Netflix, a leading content provider, has set its sights on conquering the Kenyan market. This is after establishing a foothold in South Africa and Nigeria, two of the largest economies in Africa.
While it is still playing its cards close to its chest, Netflix is said to be working with several telecom operators that will enable subscribers to pay for services through mobile cash.
It has already entered into partnerships with Vodacom and South African Telkom.
Netflix, a renowned online content streaming giant, which has 193 million subscribers globally, is keen to crack the African terrain.
To penetrate Africa, it will have to contend with several challenges, including slow and expensive internet as well as poor payment platforms.
According to Dorothy Ghettuba, Netflix Head of Original Programming in Africa, the continent has low credit card penetration. This is why the video streaming giant has linked up with local telecom firms, to enable subscribers to add Netflix subscriptions to their bills.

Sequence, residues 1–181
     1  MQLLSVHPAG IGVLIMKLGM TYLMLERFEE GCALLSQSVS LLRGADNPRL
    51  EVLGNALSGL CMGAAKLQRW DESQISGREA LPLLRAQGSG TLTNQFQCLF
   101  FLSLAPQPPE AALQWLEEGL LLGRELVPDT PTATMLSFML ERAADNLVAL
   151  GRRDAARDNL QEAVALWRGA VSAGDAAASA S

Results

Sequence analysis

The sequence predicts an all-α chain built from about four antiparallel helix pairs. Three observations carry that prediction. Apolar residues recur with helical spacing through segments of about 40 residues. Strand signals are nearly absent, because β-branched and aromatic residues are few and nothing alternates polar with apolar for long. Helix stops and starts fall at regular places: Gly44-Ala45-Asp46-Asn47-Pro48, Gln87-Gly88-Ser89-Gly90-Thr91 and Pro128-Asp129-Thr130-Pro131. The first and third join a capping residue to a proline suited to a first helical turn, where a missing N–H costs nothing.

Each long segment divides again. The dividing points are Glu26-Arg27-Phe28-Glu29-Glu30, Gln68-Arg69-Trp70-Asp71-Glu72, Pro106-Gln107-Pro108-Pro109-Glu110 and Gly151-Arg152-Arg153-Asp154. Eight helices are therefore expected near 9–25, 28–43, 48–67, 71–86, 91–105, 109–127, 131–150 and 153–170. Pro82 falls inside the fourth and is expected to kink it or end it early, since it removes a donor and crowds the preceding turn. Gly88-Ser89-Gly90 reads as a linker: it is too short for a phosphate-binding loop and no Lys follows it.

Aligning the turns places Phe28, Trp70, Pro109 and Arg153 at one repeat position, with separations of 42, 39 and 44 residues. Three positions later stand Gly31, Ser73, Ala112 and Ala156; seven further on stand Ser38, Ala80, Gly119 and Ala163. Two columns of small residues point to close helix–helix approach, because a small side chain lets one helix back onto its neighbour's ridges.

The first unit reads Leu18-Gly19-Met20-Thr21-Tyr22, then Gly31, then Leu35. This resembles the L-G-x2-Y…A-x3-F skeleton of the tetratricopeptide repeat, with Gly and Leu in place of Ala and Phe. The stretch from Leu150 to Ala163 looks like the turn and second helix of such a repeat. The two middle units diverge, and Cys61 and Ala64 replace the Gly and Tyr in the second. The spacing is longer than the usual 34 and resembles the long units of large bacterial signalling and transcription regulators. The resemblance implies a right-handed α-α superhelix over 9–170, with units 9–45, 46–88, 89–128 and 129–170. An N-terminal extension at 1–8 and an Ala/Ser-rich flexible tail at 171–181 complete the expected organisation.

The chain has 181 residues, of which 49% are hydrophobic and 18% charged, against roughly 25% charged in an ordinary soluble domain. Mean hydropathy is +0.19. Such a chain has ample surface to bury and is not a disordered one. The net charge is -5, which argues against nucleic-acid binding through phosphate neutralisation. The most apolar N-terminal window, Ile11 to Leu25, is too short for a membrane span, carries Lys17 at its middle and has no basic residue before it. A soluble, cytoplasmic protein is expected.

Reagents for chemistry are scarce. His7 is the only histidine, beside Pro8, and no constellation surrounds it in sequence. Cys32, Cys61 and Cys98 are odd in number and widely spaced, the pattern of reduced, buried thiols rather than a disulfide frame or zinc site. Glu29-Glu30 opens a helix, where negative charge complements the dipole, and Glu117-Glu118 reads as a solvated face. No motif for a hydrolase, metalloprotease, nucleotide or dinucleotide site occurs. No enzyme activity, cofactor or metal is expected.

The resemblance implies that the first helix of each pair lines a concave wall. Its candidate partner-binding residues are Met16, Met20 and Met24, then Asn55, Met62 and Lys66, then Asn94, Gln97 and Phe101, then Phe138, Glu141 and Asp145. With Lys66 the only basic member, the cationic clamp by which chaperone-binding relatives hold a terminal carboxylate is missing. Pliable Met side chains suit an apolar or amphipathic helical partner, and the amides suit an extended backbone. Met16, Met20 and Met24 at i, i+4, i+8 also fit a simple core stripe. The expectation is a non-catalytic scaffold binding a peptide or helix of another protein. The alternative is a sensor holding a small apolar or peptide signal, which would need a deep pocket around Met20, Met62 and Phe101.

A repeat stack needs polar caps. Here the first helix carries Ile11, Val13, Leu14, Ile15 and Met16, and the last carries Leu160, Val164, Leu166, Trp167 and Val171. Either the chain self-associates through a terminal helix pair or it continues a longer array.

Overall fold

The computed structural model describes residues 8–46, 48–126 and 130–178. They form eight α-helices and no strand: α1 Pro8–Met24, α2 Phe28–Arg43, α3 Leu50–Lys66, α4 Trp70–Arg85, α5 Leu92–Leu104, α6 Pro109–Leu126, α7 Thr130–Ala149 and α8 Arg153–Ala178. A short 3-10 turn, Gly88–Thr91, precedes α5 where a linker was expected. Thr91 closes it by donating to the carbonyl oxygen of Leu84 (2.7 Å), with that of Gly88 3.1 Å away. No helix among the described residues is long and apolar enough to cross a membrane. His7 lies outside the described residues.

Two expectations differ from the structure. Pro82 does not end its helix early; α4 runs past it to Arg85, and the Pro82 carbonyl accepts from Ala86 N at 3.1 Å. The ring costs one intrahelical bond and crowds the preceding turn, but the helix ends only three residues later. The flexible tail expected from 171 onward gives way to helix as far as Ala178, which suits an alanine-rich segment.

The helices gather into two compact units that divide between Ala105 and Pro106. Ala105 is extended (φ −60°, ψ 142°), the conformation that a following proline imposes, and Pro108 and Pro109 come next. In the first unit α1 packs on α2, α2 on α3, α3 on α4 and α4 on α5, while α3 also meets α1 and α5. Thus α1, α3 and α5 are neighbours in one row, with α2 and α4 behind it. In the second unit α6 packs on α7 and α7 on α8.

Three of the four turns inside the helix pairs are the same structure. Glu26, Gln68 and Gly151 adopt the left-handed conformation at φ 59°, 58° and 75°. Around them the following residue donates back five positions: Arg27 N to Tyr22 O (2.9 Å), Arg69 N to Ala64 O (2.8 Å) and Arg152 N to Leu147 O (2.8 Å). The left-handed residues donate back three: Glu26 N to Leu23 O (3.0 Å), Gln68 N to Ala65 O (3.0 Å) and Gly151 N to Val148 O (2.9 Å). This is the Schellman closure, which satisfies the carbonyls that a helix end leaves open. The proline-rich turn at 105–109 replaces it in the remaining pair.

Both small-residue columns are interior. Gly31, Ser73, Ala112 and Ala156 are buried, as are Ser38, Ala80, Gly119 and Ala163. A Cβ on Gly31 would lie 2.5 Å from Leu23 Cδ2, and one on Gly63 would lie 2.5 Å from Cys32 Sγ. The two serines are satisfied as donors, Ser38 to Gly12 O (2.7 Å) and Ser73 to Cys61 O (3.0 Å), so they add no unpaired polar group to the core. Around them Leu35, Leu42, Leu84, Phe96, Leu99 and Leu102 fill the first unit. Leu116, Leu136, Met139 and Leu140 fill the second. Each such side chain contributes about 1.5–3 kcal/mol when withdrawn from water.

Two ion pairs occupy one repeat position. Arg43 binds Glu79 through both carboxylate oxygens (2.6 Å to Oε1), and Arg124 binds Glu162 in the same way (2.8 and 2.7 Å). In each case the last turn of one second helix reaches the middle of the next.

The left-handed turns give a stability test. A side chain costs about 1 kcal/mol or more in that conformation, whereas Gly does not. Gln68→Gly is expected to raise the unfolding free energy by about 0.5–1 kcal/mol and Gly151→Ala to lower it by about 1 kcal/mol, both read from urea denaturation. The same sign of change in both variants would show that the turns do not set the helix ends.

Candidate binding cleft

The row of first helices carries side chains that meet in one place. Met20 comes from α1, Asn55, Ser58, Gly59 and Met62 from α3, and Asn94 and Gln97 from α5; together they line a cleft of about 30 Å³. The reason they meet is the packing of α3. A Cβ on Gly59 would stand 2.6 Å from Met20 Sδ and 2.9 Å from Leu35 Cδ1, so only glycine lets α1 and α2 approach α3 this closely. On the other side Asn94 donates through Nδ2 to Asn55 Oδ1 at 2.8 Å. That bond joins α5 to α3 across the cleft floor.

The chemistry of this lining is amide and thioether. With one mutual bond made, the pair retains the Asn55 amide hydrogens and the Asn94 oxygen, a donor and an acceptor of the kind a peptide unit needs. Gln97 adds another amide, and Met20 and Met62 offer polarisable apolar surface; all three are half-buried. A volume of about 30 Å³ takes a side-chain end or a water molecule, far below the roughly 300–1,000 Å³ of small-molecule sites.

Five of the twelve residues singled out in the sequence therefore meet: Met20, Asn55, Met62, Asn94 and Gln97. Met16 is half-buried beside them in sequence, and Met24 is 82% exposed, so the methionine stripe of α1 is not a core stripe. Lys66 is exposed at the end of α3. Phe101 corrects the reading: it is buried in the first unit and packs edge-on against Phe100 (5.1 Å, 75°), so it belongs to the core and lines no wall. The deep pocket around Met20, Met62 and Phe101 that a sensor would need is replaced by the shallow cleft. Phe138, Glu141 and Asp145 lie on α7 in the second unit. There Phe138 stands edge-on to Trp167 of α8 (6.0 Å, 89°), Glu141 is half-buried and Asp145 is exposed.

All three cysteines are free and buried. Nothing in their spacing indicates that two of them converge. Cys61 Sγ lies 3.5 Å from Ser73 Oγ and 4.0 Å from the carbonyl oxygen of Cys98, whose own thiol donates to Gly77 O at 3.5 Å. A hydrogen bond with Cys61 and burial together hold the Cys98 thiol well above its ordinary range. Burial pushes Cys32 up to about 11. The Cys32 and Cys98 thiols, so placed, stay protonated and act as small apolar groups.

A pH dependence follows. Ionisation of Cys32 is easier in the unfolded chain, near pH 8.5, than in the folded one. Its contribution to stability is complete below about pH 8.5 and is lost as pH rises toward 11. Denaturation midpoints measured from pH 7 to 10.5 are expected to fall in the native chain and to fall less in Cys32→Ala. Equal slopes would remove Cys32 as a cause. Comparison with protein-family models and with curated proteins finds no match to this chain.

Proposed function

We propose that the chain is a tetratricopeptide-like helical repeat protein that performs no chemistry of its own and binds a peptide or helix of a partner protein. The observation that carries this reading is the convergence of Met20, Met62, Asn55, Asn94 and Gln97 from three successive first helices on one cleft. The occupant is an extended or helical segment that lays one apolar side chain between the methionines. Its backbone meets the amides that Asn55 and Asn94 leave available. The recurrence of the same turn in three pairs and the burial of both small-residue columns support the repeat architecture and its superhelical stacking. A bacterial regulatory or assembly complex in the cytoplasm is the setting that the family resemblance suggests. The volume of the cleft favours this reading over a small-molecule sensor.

She disclosed that Netflix has already linked up with Vodacom and Telkom South Africa and that the firm was still seeking for similar platforms. In the case of Kenya, Safaricom’s Mpesa mobile cash has a head start owing to its vast customer base and wide network.
Netflix reckons that costly and slow internet speeds in most African countries have hindered its penetration. The firm is also working around this by allowing wi-fi downloads for offline viewing instead of the more expensive streaming using mobile data.
Africa’s pay-TV market is dominated by South Africa’s Multichoice Group, which has a competitive edge over Netflix, owing to its numerous news and sports channels.
Multichoice also boasts of a wide selection of channels showing films, series and documentaries. It also has an online streaming service-Showmax- that offers direct competition to what Netflix offers.
Netflix has been working on its African production as a way of increasing its screen appeal in Africa.
According to Ghettuba, Netflix is pulling all stops to expand its business in Africa.
Ghettuba moved to Netflix in 2019 after more than 10 years in Kenya running a local production firm.
Ghettuba is reluctant to disclose the cash war chest that Netflix has lined up for its Africa ventures. The firm has agreed on a series of content-licensing deals with such African markets as Senegal, Ghana, Zimbabwe, Angola and Mozambique.